The law of conservation of momentum can be stated as, "When two separate objects collide with each other in an isolated system, the total amount of momentum of the two objects prior to and after the collision would remain the same." It can be mathematically described as m1*?v1 = -(m2*?v2), where the negative sign before the right-hand term is used to indicate change in direction.
One of the most important laws of physics, the law of conservation of momentum, can also be expressed as "?m*v = constant", where "m" is mass of the objects and "v" is their respective velocity. This dictates that the net amount of momentum before and after a collision always remains the same. During collision, while one of the objects loses its momentum, the other object gains the exact same amount of momentum but in the opposite direction.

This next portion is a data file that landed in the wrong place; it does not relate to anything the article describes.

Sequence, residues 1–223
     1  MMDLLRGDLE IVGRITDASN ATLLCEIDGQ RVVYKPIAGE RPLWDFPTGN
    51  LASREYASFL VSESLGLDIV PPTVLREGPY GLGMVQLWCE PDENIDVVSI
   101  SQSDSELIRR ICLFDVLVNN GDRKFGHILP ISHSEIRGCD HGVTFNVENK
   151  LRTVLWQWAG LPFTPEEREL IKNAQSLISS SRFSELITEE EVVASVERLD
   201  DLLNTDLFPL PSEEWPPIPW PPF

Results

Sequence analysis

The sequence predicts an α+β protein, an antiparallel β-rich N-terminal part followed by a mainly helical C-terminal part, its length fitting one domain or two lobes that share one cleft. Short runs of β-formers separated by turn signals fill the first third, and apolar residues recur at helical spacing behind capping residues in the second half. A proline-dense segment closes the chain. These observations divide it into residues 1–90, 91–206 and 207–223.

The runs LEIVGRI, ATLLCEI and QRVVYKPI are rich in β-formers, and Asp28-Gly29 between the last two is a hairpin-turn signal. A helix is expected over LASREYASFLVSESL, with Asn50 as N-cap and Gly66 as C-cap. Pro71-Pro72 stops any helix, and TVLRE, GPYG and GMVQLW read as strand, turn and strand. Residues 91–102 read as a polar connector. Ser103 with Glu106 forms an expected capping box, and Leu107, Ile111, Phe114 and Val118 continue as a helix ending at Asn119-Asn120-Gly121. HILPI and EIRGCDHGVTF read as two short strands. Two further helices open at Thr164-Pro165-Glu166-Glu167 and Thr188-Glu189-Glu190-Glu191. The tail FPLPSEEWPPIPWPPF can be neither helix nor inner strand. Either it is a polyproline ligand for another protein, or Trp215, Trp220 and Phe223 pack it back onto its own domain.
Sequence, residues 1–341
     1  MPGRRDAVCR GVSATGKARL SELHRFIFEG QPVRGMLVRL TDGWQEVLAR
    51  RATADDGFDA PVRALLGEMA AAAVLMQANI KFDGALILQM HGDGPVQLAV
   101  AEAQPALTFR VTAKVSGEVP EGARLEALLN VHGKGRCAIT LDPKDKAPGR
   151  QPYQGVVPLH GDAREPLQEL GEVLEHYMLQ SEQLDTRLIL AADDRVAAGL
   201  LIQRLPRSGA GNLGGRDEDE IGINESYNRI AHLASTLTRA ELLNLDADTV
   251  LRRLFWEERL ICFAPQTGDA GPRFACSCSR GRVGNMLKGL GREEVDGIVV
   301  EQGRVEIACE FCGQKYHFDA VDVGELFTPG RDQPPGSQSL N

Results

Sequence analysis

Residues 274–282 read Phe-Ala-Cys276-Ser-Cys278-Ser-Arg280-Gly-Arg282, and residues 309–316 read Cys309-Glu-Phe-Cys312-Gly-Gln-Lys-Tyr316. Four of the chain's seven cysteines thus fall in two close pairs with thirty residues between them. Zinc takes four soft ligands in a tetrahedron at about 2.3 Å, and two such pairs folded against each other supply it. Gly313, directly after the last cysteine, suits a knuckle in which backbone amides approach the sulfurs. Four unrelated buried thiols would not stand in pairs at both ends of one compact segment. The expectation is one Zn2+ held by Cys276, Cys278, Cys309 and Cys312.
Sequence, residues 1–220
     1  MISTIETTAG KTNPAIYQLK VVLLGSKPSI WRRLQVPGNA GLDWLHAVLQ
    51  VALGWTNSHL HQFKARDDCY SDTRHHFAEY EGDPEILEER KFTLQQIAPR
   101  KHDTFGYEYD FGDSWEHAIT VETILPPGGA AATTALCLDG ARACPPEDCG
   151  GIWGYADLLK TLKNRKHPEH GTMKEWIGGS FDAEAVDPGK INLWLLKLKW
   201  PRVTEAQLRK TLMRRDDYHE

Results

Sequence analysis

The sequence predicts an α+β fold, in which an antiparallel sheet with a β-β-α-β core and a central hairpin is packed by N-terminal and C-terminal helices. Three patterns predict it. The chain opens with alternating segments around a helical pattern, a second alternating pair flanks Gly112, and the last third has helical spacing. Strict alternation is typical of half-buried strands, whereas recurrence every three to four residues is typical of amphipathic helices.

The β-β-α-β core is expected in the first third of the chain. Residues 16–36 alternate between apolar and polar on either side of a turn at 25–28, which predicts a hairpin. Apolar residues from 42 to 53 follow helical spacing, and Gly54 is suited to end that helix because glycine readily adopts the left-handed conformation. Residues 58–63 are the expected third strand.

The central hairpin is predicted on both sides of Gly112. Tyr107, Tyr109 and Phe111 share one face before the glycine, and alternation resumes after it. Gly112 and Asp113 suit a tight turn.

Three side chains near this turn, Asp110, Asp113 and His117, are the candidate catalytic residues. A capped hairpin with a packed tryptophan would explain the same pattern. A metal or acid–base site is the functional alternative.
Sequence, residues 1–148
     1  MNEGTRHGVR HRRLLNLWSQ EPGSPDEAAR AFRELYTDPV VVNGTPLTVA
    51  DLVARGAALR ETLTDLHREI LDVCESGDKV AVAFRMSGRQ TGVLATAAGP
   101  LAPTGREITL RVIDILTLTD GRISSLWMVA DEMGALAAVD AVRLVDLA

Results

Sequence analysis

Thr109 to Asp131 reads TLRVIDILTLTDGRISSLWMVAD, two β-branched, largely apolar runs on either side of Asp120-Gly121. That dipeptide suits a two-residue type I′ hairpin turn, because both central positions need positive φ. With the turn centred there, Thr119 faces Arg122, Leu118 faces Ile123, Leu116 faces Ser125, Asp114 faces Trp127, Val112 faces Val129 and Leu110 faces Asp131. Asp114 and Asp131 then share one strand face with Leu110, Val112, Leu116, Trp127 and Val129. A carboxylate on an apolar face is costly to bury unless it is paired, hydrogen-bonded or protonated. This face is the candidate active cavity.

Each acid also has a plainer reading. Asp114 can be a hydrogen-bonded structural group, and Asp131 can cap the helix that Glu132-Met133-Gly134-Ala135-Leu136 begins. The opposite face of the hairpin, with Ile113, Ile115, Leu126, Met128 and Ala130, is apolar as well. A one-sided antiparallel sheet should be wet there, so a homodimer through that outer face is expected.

Another important term involved in this law is the "isolated system." Generally speaking, a system is a collection of two or more objects. An isolated system is such a system where the objects within the system are not subjected to any net external force that can alter the momentum of the entire system. In other words, when applying the law of conservation of momentum in day-to-day scenarios, the surrounding forces are neglected for simplifying the problem, and only the objects within the system are examined.